Nehemiah 4:1-2, 4, 12-13, 19-20, 22
The Bible in Context:
Nehemiah arrived with authorization to rebuild the city wall.
· Rubble was piled along the line of the wall.
· A failed effort to rebuild the wall and only added more debris.
· Even more intimidating than the physical obstacles was the human opposition.
· After the defeat of Judea in 587 B.C. other ethnic groups expanded into the void created by the exile.
· They did not want anything to disturb the status quo.
Question: In what ways may unbelievers today try to sabotage our intentions to carry out God's purposes?
1 Now it came about that when Sanballat heard that we were rebuilding the wall, he became furious and very angry and mocked the Jews.
· A Moabite of Horonai.
· His name is Babylonian and means “Sin (a pagan god) has healed.”
· Despite his name, Sanballat seemed to be a practicing Jew. His daughter was married to the Jewish high priest’s grandson.
· He had some command over "the army of Samaria" under Artaxerxes. He may have been the governor of the area.
· His opposition to Nehemiah was political rather than religious or ethnic.
· His case is an illustration of the way in which, whenever God has work in progress, Satan finds an agent to oppose it.
2 He spoke in the presence of his brothers and the wealthy men of Samaria and said, "What are these feeble Jews doing? Are they going to restore it for themselves? Can they offer sacrifices? Can they finish in a day? Can they revive the stones from the dusty rubble even the burned ones?"
· Uncertain if he should take any overt action against Nehemiah, he chose to ridicule him.
· His scorn for what the Jews were doing you rubbed it into public ridicule.
· Mockery is most effective when it contains some truth.
o The Jews in Jerusalem were in fact few in number.
o They did not have sufficient resources for undertaking the rebuilding of the wall.
o From a human perspective the task before them seemed too large.
o But, Nehemiah was trusting in God.
Tobiah immediately joined Sanballat.
· Tobiah was also a practicing Jew.
· He even maintained a residence in the temple.
· Nevertheless, he was a strong opponent of Nehemiah.
Today Christians are mocked by our contemporary culture.
· On TV and in movies.
· In books and in literature.
· It seems that Christians are the only group that people can make fun and still be politically correct.
4 Hear, O our God, how we are despised! Return their reproach on their own heads and give them up for plunder in a land of captivity.
Nehemiah strategy for handling mockery was to recognize its source and to pray.
· The Hebrew verb for “hear” implies taking action on what is heard.
· Nehemiah was not informing God. Rather, he petitioned God to take certain actions.
· The content of his enemies called for divine intervention.
· Nehemiah's cry for justice was expressed through two metaphors.
o First, he called for the insults of his enemies to strike them instead of those for whom they were intended.
o Second, he asked God to send his opposition into captivity.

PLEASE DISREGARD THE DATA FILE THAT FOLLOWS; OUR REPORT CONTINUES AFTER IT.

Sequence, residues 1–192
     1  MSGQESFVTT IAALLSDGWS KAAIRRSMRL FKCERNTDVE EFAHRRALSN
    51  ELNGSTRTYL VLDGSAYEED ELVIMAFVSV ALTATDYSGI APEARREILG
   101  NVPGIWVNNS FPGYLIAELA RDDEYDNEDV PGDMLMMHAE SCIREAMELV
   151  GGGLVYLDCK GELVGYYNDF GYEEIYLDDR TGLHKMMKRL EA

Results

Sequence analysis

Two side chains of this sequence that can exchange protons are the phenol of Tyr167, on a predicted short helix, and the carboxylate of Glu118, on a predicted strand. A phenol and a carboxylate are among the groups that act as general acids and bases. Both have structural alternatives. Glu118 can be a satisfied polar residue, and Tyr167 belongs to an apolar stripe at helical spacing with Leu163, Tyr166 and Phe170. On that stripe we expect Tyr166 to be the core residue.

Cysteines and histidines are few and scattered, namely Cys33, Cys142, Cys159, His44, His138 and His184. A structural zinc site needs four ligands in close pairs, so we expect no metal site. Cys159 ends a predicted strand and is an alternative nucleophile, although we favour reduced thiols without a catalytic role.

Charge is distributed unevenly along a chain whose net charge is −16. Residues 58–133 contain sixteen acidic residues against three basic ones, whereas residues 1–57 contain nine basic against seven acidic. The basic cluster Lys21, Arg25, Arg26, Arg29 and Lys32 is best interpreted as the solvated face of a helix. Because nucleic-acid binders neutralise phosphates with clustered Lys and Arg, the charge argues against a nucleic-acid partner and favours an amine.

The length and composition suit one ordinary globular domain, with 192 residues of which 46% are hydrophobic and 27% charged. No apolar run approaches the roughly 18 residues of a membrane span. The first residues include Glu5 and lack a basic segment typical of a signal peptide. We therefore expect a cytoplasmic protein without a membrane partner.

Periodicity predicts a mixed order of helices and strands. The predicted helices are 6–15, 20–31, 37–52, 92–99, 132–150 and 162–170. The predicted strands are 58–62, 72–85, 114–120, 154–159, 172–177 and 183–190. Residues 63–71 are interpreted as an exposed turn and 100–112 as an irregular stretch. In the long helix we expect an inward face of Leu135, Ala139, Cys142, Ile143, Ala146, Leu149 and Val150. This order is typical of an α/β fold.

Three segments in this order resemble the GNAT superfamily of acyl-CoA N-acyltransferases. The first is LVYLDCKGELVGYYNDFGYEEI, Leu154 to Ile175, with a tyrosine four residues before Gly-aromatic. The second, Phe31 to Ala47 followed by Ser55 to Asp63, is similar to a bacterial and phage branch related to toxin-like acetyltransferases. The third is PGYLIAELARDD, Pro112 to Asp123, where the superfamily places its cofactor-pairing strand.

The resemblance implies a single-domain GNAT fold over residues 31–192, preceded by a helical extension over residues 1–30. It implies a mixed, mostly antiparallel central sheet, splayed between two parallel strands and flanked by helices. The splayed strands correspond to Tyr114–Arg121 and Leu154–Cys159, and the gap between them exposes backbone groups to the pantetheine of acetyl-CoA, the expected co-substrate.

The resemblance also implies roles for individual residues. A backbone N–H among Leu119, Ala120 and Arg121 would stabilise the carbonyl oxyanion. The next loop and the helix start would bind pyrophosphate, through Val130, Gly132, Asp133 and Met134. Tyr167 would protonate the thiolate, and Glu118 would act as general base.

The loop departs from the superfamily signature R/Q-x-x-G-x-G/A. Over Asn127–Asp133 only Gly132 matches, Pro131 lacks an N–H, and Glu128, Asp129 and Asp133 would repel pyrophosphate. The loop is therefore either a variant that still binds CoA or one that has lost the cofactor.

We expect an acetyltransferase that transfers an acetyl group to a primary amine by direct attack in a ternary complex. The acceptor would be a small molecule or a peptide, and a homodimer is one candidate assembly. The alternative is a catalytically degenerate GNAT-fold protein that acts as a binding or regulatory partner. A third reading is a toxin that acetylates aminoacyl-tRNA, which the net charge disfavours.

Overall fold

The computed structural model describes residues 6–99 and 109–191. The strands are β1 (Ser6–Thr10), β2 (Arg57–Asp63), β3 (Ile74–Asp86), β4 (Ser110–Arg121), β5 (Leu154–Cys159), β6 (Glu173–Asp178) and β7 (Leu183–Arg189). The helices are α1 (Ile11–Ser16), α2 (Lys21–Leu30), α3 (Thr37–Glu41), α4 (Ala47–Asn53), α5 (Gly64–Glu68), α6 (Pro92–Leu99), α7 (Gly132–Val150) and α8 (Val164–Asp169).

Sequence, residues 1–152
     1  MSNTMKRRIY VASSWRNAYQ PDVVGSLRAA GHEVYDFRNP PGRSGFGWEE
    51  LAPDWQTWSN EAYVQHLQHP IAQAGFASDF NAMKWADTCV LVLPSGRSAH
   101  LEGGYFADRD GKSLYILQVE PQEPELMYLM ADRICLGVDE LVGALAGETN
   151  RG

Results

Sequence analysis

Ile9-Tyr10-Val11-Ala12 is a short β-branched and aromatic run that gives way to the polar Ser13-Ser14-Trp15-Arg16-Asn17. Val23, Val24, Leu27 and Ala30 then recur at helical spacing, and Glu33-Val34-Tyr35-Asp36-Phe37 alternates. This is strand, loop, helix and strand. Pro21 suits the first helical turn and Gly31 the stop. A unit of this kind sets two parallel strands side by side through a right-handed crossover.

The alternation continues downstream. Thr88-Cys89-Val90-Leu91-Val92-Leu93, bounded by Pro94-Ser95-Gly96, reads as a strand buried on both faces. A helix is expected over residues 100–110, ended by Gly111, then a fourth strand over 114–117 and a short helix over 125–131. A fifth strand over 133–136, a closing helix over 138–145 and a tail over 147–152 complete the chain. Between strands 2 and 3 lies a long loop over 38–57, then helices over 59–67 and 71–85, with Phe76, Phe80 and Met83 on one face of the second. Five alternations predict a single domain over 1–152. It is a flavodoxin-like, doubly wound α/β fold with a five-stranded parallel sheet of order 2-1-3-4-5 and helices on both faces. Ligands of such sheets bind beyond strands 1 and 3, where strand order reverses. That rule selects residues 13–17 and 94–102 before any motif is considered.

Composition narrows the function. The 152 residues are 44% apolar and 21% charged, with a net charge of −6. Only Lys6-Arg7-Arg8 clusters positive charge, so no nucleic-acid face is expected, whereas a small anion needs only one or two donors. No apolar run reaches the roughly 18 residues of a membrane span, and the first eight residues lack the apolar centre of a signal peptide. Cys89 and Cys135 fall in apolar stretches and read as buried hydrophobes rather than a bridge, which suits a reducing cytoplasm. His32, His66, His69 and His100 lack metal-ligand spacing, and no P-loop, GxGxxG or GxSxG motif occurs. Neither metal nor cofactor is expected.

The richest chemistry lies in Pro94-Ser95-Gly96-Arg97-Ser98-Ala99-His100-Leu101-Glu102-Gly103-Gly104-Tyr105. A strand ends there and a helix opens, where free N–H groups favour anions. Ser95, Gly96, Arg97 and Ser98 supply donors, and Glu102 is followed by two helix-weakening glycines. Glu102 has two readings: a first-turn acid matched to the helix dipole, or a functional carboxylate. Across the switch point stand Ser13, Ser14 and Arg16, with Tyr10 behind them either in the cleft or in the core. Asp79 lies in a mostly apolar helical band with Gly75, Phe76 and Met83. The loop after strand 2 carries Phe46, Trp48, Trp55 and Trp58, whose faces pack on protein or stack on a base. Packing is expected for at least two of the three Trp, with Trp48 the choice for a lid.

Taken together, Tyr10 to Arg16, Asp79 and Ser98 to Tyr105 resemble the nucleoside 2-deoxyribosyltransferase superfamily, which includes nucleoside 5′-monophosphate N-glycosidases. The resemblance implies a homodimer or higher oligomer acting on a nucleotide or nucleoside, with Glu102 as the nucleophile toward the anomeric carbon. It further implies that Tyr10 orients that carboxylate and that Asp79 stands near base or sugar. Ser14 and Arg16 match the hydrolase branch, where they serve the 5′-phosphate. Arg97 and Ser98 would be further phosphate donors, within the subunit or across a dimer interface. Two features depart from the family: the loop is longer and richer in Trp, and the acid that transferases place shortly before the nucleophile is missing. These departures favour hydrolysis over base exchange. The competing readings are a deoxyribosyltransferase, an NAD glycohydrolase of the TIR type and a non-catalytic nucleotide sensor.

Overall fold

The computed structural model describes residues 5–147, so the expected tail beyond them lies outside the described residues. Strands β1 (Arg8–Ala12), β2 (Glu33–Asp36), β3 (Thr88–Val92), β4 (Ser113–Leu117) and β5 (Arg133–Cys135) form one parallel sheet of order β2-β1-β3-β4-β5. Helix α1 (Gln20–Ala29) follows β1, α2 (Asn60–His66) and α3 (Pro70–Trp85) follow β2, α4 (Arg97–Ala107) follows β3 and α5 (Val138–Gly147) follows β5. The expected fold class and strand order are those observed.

Nehemiah gives us an example of how to cope with disheartening mockery.
· Mockery is a sin and mockers are guilty before God.
· When someone sins against us, we are to take our problem to God.
· The practice of systematic prayer strengthens faith and builds courage for carrying out the work of God.
Question: Has there ever been a time in your life when others mocked your dedication to God?
· A neighbor.
· A family member.
· [Woman in Baltimore]
12 When the Jews who lived near them came and told us ten times, "They will come up against us from every place where you may turn,"
When Sanballat recognize that has mockery of failed to stop the construction of the wall, he escalated his hostility.
· He plotted violence against those who were following Nehemiah.
· He was planning a massive attack that would annihilate all of those in Jerusalem.
· The people became discouraged. Jewish refugees started pouring into the city. They told frightening tales about the enemy's intentions and deeds.
· The reports of violence creating fear in the minds of the people. The threat of an attack was very real.
Nehemiah strategy for continuing to work, despite the attacks, was to prepare defensive measures.
· He placed guard's on watch.
· He put defenders at vulnerable points.
· He assigned half of the workers to security duty, armed all the workers, and instituted a means of a rallying the scattered workers to any point of an attack.
· He also praying and reminded the people of God's greatness.
Spiritual Principle: We should work as if everything depends upon us, and we should pray as if everything depends upon God.
· Trusting in God does not mean that we are to do nothing.
· We are to do what God expects us to do.
· But, we are always to realize that victory depends upon God and not ourselves.
13 then I stationed men in the lowest parts of the space behind the wall, the exposed places, and I stationed the people in families with their swords, spears and bows.
· Lower sections of the wall offered less protection.
· Before workers could exchange tools for weapons, an attacking force likely would have been able to climb over the wall and enter into the city.
· Once the enemy was inside the wall, the defeat of the city was almost certain.
· Therefore, Nehemiah reduced his workforce to release men for duty in the defense of the city.